Facebook updates status to ‘public’ – reveals financials, aims to raise $5bn in IPO
Unconfirmed reports from anonymous sources have proven true. A few hours ago, Facebook, Inc filed papers for its landmark initial public offering (IPO).
In its S-1 document filed with the Securities and Exchange Commission, the 8-year-old social network revealed that it now had 845 million active monthly users and revealed its revenue and profit numbers for the first time.
The documents highlight the social networks dependence on advertising, which accounted for 85% of the $3.71 billion in revenue it earned in 2011.
The figure of 845 million monthly active users as of the end of last year is a 39% increase from a year ago. Of these, 483 million are active on a daily basis, contributing to a total of 2.7 million likes and comments and 250 million photos uploaded every day.
Facebook also concedes that the shift towards accessing its service by mobile represents a challenge to the business. Each month a total of 425 million users access Facebook via a mobile device, a figure which is growing faster than growth in overall visitors, but the social network is as yet unable to serve ads via mobile.
In a letter to investors, Mark Zuckerberg, writes, “Facebook was not originally created to be a company. It was built to accomplish a social mission – to make the world more open and connected.”
Zuckerberg goes on to outline their approach and how it is driven by this mission: “We think it’s important that everyone who invests in Facebook understands what this mission means to us, how we make decisions and why we do the things we do.
“Today, our society has reached another tipping point. We live at a moment when the majority of people in the world have access to the internet or mobile phones – the raw tools necessary to start sharing what they’re thinking, feeling and doing with whomever they want. Facebook aspires to build the services that give people the power to share and help them once again transform many of our core institutions and industries.”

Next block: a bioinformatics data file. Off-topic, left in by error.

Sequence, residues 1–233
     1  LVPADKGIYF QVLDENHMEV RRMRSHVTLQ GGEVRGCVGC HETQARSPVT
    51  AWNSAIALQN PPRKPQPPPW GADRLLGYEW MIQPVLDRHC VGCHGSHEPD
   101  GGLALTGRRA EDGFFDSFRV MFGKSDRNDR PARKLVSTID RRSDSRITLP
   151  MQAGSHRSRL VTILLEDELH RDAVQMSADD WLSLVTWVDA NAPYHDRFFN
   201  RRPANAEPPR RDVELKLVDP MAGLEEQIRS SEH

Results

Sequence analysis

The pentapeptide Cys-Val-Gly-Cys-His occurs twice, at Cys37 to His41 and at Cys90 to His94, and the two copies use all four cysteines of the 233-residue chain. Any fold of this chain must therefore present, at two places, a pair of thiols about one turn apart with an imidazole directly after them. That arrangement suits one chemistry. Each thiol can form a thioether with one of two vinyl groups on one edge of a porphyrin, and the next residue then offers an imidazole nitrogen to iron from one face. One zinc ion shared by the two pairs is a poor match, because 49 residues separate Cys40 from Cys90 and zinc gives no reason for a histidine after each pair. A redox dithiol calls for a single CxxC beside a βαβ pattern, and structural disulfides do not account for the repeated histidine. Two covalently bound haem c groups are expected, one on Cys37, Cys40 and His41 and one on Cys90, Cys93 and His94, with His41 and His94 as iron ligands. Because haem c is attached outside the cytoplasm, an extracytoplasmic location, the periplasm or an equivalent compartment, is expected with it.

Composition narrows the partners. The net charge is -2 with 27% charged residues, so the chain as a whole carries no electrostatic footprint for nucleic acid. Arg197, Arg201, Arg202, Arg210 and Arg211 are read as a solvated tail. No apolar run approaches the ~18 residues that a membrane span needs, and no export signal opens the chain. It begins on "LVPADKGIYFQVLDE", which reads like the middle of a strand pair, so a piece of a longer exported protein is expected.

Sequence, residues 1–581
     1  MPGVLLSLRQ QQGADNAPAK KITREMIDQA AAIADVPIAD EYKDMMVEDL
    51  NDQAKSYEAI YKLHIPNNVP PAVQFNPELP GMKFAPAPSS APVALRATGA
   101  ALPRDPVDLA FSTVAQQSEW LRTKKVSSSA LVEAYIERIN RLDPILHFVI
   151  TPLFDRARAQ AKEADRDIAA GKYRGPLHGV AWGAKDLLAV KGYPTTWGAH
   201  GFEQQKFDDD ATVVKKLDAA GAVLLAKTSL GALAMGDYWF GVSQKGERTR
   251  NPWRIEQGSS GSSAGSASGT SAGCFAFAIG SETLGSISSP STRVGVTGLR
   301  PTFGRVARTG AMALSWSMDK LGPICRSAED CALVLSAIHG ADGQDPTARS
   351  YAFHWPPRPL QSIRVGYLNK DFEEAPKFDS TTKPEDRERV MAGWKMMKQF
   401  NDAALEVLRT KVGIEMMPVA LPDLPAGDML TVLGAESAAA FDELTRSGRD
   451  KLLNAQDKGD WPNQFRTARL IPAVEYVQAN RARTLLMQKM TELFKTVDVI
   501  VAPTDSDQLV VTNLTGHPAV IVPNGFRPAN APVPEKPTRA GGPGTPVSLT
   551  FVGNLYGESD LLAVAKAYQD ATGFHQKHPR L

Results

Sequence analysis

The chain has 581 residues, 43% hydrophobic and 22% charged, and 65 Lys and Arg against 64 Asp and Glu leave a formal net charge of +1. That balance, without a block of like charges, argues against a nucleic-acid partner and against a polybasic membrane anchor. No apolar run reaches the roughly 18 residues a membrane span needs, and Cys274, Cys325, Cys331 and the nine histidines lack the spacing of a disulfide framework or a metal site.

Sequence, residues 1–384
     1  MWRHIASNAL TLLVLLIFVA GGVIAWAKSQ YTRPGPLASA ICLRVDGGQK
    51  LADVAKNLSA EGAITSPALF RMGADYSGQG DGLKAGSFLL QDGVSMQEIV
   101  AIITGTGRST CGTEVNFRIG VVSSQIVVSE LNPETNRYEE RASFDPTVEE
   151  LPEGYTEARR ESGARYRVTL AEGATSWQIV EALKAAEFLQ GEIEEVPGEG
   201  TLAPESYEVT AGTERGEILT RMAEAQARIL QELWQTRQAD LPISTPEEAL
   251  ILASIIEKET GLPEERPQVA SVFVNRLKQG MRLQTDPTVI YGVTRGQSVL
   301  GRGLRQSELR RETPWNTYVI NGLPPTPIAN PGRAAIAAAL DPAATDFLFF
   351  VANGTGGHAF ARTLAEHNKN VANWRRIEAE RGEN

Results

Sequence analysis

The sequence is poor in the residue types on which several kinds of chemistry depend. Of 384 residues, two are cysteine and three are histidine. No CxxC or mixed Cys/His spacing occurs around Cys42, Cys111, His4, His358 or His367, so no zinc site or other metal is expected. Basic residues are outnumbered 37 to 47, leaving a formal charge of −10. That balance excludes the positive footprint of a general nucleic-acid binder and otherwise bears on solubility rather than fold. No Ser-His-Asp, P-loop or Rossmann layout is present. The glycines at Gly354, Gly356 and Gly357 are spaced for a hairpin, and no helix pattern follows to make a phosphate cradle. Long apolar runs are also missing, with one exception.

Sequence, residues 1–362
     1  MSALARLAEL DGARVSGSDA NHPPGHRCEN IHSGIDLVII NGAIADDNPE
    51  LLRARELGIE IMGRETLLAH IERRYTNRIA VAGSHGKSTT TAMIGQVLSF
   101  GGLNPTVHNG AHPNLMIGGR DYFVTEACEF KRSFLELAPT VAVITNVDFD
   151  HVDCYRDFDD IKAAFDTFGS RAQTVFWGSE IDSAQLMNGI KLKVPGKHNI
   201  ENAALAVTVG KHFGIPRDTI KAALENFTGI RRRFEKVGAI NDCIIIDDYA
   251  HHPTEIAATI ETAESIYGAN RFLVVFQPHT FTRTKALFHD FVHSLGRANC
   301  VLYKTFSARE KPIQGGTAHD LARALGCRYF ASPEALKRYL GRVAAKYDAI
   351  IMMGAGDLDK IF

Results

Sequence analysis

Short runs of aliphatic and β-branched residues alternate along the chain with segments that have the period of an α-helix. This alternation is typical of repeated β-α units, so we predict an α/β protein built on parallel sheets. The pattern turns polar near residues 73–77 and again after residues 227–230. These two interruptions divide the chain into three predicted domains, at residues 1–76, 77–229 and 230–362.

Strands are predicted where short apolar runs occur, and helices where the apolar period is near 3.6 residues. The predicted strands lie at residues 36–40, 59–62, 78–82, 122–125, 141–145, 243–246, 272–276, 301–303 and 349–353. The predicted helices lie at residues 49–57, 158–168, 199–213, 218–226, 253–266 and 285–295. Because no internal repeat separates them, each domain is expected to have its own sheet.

Zuckerberg goes on to say that part of the business’s goal is to help create a stronger economy with more authentic businesses that build better products and services.
According to the Wall Street Journal, one of Facebook’s main weaknesses is a lack of long-term commitment to the site from most of its advertisers, meaning the company could suffer if advertisers shift to other venues.
As for revenue streams beyond advertising, Facebook attributed 12% of its income – $470 million – to Zynga, which came from the purchase of virtual goods within games such as Farmville, and direct advertising from the gaming company.
Facebook’s update from public to private, was somewhat forced after it reached its trading limit in secondary markets, which is restricted to a 500-shareholder rule for private companies with more than $10 million in assets.
Upon passing that mark last year, the company was faced with a deadline to file detailed financials of April 30, 2012.
Facebook will trade on the market under the ticker symbol FB, although whether that’s on the NYSE or the Nasdaq is not yet known.
Included in the filed paperwork was this timeline of Facebook milestones compared to monthly active users: